(ref B). In reaction to this, the German Social Democrats
and Greens have reiterated their stance in favor of Turkish
accession. Although it appears that now a majority of
current MEPs favor Turkish accession, they are far ahead of
their populations, opening the door for candidates to
exploit this issue in their electoral campaigns.
SOME EXPECT CHRISTIAN-DEMOCRAT WIN...
-------------------------------------
8. (U) Our EP interlocutors are predicting that the EPP-ED
will hold on to its plurality, but much can happen between
now and June. With victory as their expressed goal, EPP-ED
Chairman Hans-Gert Poettering and UK Conservative leader
Michael Howard have negotiated a deal -- to be voted on by
EPP-ED MEPs on March 31 -- keeping the British
Conservatives in the EPP-ED. Although the EPP has
consistently opposed U.S. policy on the ICC, the Kyoto
Protocol and Guantanamo, it is the most pro-U.S. EP group.
It includes in its ranks, in addition to the German
Christian Democrats and the UK Conservatives, the Spanish
Partido Popular, the Italian Forza Italia and the Dutch
Christian Democrats. Partido Popular's surprise defeat in
this weekend's elections may have an impact on campaign
calculations, and could put a dent in the conventional
wisdom predicting an EPP plurality.
...BUT CHRISTIAN DEMOCRATS MAY SPLINTER
---------------------------------------
9. (U) EP interlocutors told us that, after the EPP-ED, the
PES is expected to remain the second strongest party group,
and that the Liberal Democrats (ELDR) should come in a
strong third. The Greens should lose seats, as they are
very weak in the new member states. One recent
development, however, could throw a wrench in the works.
On February 20 some members of the EPP (principally from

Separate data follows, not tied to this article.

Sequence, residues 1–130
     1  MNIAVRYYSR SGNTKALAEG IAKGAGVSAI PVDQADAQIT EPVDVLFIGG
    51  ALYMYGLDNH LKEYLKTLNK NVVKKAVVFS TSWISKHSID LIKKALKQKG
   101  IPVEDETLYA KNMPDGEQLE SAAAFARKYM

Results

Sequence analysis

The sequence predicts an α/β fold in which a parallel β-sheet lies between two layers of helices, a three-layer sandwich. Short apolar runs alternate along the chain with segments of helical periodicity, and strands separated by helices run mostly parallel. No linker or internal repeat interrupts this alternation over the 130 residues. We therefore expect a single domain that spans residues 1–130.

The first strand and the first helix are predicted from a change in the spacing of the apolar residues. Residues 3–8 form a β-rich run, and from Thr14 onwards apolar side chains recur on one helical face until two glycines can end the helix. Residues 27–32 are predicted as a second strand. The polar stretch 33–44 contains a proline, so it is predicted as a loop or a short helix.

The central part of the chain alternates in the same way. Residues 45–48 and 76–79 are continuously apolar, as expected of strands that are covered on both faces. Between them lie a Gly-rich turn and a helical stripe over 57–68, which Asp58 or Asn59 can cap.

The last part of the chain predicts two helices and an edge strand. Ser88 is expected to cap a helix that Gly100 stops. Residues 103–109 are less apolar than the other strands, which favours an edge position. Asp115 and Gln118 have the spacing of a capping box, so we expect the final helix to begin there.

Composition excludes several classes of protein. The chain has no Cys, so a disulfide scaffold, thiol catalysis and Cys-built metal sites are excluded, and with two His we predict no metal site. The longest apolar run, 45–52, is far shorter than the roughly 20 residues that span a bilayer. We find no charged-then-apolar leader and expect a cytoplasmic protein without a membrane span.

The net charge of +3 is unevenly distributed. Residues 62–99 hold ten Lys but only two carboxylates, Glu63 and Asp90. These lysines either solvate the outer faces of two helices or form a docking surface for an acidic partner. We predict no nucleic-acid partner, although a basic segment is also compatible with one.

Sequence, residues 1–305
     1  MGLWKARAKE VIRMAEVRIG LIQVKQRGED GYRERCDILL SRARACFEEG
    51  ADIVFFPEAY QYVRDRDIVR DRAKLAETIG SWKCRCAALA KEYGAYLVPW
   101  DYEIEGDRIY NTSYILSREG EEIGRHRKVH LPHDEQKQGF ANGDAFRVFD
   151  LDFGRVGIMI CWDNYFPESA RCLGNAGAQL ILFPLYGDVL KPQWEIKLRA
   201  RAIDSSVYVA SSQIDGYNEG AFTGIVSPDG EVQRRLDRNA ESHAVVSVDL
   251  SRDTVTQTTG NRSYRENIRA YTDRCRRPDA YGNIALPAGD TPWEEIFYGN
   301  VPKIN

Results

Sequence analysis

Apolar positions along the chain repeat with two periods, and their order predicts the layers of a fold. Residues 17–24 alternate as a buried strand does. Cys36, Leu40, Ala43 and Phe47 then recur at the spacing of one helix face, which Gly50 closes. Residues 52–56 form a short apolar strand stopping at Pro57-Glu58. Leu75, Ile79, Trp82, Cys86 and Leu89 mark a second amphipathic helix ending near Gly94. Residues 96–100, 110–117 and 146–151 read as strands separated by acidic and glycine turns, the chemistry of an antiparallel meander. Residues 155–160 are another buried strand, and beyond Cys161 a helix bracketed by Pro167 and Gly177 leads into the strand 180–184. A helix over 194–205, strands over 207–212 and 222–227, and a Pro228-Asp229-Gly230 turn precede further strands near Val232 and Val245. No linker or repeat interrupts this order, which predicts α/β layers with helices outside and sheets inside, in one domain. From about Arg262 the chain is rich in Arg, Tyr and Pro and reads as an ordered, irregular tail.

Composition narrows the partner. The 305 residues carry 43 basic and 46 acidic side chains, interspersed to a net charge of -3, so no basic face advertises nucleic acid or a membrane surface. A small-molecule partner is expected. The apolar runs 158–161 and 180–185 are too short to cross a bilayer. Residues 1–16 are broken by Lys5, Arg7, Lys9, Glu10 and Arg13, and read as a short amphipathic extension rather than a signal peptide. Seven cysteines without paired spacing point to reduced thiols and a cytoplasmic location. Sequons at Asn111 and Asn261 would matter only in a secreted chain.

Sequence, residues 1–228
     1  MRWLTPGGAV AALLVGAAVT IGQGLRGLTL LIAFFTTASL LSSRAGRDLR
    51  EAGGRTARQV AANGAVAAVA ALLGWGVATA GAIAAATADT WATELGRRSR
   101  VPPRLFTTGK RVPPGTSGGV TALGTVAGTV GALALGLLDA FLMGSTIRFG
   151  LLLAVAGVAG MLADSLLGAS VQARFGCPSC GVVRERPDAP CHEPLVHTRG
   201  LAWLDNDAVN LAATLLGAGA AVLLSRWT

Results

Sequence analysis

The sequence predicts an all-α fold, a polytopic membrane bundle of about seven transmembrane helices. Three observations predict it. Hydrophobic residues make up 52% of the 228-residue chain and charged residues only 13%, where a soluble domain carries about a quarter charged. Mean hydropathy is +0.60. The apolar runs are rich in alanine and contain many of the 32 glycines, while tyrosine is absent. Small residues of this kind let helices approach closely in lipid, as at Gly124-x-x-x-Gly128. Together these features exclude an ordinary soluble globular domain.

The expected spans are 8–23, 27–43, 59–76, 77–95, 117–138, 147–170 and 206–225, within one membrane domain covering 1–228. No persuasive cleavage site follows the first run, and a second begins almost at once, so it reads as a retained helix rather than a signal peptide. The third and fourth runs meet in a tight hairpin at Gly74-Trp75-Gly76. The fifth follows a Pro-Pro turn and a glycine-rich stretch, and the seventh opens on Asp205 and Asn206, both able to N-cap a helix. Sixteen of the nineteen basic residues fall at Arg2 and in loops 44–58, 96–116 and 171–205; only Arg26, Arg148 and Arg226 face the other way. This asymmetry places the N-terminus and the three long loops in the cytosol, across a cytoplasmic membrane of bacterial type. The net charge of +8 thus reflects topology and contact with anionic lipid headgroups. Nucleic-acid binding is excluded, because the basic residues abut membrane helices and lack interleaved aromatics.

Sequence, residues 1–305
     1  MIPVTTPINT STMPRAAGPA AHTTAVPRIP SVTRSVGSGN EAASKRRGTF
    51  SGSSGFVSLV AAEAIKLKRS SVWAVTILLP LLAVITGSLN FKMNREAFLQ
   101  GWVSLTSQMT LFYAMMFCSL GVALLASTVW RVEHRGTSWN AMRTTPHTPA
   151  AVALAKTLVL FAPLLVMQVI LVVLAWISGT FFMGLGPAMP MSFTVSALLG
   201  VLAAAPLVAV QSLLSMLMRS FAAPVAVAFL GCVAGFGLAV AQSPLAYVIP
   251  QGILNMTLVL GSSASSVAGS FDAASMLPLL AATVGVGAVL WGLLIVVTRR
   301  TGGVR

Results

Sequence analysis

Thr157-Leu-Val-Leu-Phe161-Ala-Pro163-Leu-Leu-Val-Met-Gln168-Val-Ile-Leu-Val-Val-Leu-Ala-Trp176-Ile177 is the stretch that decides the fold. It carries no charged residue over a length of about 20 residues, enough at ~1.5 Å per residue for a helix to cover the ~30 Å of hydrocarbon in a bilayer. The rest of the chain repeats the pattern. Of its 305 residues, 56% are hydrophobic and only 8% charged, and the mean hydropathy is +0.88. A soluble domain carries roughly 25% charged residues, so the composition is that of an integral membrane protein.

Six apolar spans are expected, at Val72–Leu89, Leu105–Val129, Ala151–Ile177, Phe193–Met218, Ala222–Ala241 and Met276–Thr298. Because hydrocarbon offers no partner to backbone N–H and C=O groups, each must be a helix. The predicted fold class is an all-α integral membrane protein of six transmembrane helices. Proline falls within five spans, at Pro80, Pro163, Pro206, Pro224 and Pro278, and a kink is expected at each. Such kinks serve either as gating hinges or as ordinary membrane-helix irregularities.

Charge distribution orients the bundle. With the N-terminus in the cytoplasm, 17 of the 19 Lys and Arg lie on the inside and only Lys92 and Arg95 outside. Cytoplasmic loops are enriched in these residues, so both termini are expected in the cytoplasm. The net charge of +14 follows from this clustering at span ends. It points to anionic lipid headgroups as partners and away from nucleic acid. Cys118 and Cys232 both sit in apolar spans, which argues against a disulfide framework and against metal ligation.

the French UDF and the Belgian CDH) met in Rome with
leaders of the ELDR and members of the Italian "Oliva"
party (recently launched by Commission President Romano
Prodi) to explore the possibility of creating a "true
European Federalist party" - in explicit opposition to the
EPP's inclusion of the euroskeptic UK conservatives. If
this new party group does in fact emerge, the EPP could
lose seats relative to the PES. Both of these major
parties could also find themselves faced with a third
centrist force significantly stronger than the current
ELDR.
WHO WILL STAY AND WHO WILL GO
-----------------------------
10. (SBU) According to the Parliament's EPP spokesman, the
following key EPP-ED MEPs (and friends of the United
States) are expected to return because of their high
position on their party lists: Party Group Chairman Hans-
Gert Poettering (Germany), Foreign Affairs Committee
Chairman Elmar Brok (Germany), Transatlantic Policy Network
(TPN) Chief James Elles (UK), and Environment Committee
Chairwoman Caroline Jackson (UK). In the PES, party group
leader Enrique Baron Crespo has not yet decided whether to
run for re-election. Many key PES MEPs such as Economic
and Monetary Affairs Committee Chairwoman Christa Randzio-
Plath (Germany) and PES Foreign Affairs Committee
Coordinator Jannis Sakellariou (Germany) will not run for
re-election. The leader of the ELDR group, Graham Watson,
will probably be re-elected but may not remain as ELDR
chairman. Other key ELDR MEPs such as Foreign Affairs
Committee Vice Chair Baroness Nicholson (UK), whose record
on transatlantic issues is mixed, and PNR rapporteur
Johanna Boogerd-Quaak (Netherlands), who opposes the U.S.
agreement with the European Commission on PNR, will
probably be reelected. Franco-German Greens leader Daniel
Cohn-Bendit, elected on the French Green list in 1999, will
underscore his standing as the premier force behind the
recent formation of a Europe-wide Green Party by running as
number two on the German Greens' list.
NEW MEMBER-STATE MEPS PRO-U.S.
------------------------------
11. (SBU) Altogether pundits expect the June elections to
yield up to 60 percent first-time MEPs (including the 162
new-member-state MEPs), much more than in previous
elections. We expect many MEPs from the 10 new countries
to bring pro-U.S. attitudes and new-member euroskepticism,
but their lack of EP experience will likely lead them to
maintain a lower profile in the beginning. If a plurality
of the new-member-state MEPs are EPP-ED members, they will
add to the weight of the pro-U.S. but euroskeptic British
Conservatives and Forza Italia. END COMMENT.
FOSTER